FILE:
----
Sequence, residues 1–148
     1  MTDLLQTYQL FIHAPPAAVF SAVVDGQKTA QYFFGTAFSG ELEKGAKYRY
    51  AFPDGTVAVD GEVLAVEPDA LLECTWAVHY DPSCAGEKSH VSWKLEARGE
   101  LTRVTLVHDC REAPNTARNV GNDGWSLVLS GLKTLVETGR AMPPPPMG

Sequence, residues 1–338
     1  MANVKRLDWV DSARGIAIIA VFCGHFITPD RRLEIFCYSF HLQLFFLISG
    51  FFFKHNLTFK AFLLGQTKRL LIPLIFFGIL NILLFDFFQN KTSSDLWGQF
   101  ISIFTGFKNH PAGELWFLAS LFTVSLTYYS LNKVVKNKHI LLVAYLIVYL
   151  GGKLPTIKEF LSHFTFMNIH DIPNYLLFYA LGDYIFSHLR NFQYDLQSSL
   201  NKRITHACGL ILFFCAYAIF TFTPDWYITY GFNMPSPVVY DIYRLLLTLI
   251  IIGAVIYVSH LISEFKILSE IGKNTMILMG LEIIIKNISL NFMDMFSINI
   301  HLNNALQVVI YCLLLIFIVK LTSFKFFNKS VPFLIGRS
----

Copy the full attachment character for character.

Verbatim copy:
Sequence, residues 1–148
     1  MTDLLQTYQL FIHAPPAAVF SAVVDGQKTA QYFFGTAFSG ELEKGAKYRY
    51  AFPDGTVAVD GEVLAVEPDA LLECTWAVHY DPSCAGEKSH VSWKLEARGE
   101  LTRVTLVHDC REAPNTARNV GNDGWSLVLS GLKTLVETGR AMPPPPMG

Sequence, residues 1–338
     1  MANVKRLDWV DSARGIAIIA VFCGHFITPD RRLEIFCYSF HLQLFFLISG
    51  FFFKHNLTFK AFLLGQTKRL LIPLIFFGIL NILLFDFFQN KTSSDLWGQF
   101  ISIFTGFKNH PAGELWFLAS LFTVSLTYYS LNKVVKNKHI LLVAYLIVYL
   151  GGKLPTIKEF LSHFTFMNIH DIPNYLLFYA LGDYIFSHLR NFQYDLQSSL
   201  NKRITHACGL ILFFCAYAIF TFTPDWYITY GFNMPSPVVY DIYRLLLTLI
   251  IIGAVIYVSH LISEFKILSE IGKNTMILMG LEIIIKNISL NFMDMFSINI
   301  HLNNALQVVI YCLLLIFIVK LTSFKFFNKS VPFLIGRS